The most extensive collection of Tang poems, the Quantangshi, contains around 48,900 lyrics by over 2,200 authors (a demonstration of the popularity of verse writing). A considerable amount of Tang Dynasty poetry survived due to the overwhelming importance of the art form during the period. It was required for civil service exams and available mostly, to everyone.
Tang poems and Tang poets were influenced by authors’ works from the previous 1,000 years in Chinese history. For example, the Chu Ci (which translates to Verses of Chu)and Shijing (also known as the Classic of Poetry, Book of Songs, or Book of Odes). During this period, much writing is associated with the reign of Emperor Xuanzong of Tang, who ruled for forty-four years (the longest reign of the dynasty). Li Yu’s death in 978 is considered the end of the Tang Poetry era. But, the Tang Dynasty itself fell in 907.
Explore Tang Dynasty Poetry
Tang Poetry Periods
The Tang Dynasty is generally divided into four parts:
- Early Tang – includes early, middle, and late phases. Poems were courtly, ornate, and flowery until the late phase when more socially important poetry was created.
- High Tang – included the work of the “Fields and Gardens Poets Group,” Li Bai, and Du Fu. The latter is known for his formal style and Li Bai for using traditional forms in new ways.
- Middle Tang – a period of high taxes and rebuilding. Poets were idealistic and willing to speak truthfully about the lives of everyday people. Others praised the peace of nature, landscapes, and isolation.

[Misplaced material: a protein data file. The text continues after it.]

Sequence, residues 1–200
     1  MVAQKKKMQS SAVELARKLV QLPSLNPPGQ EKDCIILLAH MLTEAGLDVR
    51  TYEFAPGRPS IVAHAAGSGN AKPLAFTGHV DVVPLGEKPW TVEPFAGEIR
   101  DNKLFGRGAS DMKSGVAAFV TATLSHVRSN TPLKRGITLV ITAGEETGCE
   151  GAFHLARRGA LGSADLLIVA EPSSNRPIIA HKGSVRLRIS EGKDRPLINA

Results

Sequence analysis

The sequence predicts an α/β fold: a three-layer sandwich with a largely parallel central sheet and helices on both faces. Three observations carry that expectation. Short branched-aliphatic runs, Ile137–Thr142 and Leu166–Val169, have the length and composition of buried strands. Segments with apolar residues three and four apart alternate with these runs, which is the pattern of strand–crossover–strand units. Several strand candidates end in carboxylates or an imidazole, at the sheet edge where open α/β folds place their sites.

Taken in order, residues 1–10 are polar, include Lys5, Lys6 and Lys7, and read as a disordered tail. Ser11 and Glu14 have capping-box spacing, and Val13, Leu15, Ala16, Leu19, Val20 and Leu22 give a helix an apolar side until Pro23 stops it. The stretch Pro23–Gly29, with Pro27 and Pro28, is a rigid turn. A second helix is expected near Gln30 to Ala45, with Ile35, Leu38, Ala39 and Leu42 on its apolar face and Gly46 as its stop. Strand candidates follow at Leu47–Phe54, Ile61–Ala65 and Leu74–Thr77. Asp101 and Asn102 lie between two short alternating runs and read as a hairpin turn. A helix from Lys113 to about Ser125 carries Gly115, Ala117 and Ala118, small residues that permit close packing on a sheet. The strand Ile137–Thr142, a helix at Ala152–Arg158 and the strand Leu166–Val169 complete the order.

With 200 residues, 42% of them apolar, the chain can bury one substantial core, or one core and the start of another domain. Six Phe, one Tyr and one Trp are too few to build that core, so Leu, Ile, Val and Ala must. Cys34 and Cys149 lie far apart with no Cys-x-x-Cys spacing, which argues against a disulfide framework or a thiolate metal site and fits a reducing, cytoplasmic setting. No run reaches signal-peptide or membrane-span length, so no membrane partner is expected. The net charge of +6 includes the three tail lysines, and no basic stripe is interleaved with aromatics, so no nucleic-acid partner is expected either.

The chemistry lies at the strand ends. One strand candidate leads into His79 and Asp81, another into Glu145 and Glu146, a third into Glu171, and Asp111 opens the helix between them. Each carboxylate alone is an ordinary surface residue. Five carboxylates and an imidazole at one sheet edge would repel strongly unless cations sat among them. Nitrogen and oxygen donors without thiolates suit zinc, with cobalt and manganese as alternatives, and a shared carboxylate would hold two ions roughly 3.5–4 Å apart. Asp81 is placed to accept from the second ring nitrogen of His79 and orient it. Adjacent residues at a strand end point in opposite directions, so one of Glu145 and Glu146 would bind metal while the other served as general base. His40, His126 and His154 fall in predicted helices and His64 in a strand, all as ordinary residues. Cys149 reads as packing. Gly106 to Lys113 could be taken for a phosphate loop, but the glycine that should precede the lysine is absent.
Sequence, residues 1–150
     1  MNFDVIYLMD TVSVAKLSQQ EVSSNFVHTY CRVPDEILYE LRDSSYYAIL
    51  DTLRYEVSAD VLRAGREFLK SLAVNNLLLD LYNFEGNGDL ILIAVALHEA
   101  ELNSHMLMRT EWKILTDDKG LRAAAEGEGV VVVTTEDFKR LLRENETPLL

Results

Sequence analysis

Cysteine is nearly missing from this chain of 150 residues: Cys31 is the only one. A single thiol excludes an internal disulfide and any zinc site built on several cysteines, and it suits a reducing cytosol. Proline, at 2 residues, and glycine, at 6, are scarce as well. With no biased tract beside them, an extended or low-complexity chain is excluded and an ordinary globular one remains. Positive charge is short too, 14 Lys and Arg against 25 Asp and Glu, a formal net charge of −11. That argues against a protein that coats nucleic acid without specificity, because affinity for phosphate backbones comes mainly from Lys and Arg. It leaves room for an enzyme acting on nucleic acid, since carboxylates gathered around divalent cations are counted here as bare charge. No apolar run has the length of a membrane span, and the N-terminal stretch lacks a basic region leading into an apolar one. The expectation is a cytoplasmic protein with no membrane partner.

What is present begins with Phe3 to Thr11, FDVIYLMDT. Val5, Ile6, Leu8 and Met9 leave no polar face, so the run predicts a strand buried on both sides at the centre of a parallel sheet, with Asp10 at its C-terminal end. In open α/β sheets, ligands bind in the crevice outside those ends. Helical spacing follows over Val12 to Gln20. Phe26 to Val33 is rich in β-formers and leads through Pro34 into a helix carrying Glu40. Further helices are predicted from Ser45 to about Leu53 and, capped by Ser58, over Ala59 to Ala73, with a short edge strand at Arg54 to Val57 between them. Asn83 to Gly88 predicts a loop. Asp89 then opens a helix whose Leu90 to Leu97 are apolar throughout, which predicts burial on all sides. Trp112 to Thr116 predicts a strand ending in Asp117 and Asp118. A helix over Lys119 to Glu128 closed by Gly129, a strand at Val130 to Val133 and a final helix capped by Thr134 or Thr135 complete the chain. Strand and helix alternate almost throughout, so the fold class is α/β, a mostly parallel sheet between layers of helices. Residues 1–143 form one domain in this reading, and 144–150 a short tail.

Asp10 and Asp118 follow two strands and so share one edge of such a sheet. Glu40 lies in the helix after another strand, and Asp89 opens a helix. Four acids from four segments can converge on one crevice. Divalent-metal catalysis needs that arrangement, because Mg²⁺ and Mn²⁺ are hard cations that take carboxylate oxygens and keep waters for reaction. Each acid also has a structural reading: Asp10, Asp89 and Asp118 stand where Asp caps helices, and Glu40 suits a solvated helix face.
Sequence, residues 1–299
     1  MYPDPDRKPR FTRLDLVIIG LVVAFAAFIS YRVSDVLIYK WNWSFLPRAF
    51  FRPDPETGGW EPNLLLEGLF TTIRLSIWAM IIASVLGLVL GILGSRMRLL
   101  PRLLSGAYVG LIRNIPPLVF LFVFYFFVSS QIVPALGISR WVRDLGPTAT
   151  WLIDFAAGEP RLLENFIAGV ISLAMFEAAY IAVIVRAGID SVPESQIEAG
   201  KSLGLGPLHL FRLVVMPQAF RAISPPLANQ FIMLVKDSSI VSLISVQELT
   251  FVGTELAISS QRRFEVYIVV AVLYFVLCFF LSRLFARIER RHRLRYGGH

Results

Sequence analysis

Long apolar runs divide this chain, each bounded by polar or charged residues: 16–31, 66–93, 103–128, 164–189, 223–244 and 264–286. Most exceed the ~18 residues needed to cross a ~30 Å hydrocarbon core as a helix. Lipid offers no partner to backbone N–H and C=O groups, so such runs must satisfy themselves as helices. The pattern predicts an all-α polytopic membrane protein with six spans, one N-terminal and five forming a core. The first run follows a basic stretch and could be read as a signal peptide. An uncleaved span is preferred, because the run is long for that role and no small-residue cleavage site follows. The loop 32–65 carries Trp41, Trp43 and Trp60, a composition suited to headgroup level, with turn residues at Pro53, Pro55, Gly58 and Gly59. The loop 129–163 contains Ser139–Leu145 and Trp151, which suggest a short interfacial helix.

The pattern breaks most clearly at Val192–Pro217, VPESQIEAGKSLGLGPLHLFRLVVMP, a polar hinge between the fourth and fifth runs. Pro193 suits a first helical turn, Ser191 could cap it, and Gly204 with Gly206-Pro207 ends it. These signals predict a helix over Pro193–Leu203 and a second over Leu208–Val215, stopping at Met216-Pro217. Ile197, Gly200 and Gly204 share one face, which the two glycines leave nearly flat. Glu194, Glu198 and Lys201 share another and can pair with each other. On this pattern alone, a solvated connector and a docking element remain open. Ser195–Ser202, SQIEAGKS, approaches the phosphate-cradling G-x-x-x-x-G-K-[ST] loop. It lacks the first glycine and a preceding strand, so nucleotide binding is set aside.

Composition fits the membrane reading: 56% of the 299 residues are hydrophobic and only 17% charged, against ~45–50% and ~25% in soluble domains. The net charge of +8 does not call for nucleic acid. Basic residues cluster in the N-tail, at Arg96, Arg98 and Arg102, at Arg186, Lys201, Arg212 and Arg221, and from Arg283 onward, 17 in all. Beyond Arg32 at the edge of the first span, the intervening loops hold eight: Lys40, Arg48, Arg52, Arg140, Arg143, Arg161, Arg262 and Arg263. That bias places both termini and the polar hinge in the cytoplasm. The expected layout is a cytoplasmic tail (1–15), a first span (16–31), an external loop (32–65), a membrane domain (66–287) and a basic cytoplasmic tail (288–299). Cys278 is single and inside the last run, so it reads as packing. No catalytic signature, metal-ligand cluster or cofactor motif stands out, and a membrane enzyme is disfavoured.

- Late Tang – known for poets that used a clear style, reflecting on the nature of their contemporary moment. Sometimes abstract, dense, and hard to understand. During the last years of the Tang, poets were notably darker and more angst-filled.
The “shi” was the most popular form during the period and is generally considered representative of the overall style authors used. Shi poems have four-character lines and are written in ancient Chinese. A few other constraints are associated with the older version of the form.
As the poems developed, five and seven-syllable lines also became popular. These poems are known to use rhyming couplets as well. English translations of these Tang poems are also widely popular. For example, Ezra Pound’s Cathay, a 1915 collection of Classical Chinese poems that Pound translated into English (based on notes by Ernest Fenollosa).
Characteristics of Tang Dynasty Poetry
Some of the most important characteristics of Tang Dynasty poetry are:
- A limited number of lines.
- A strong connection to religion.
- Captures people’s everyday lives, Chinese culture, and emotions.
- Speak about loss, friendship, nostalgia, and joys.
- Contain descriptions of nature. For example, the moonlight, twilight, empty woods, the heavens, wild peaks, and more.
Tang Dynasty Poets
The two most important Tang Dynasty poets are described below:
- Li Bai — (also known as Li Po, Li Bo, and Li Pai) is one of the best-known authors of Tang Dynasty poetry. Today, he is regarded as a romantic figure who elevated Chinese poetry to a level it had never reached before. Alongside Du Fu, he is commonly considered the most important poet of the period. Today, around 1,000 poems are attributed to him. The most important are collected in Heyaue yingling ji. His poems spoke about the joys of friendships, nature, drinking, solitude, and more.
- Du Fu —(also known as Tu Fu) is the second best-known poet of Tang Dynasty poetry. He was a civil servant, and there are around 1,500 surviving examples of his verse. His technical precision within his verse is often praised, as is his willingness to speak on the suffering of everyday people.
Tang Dynasty Poems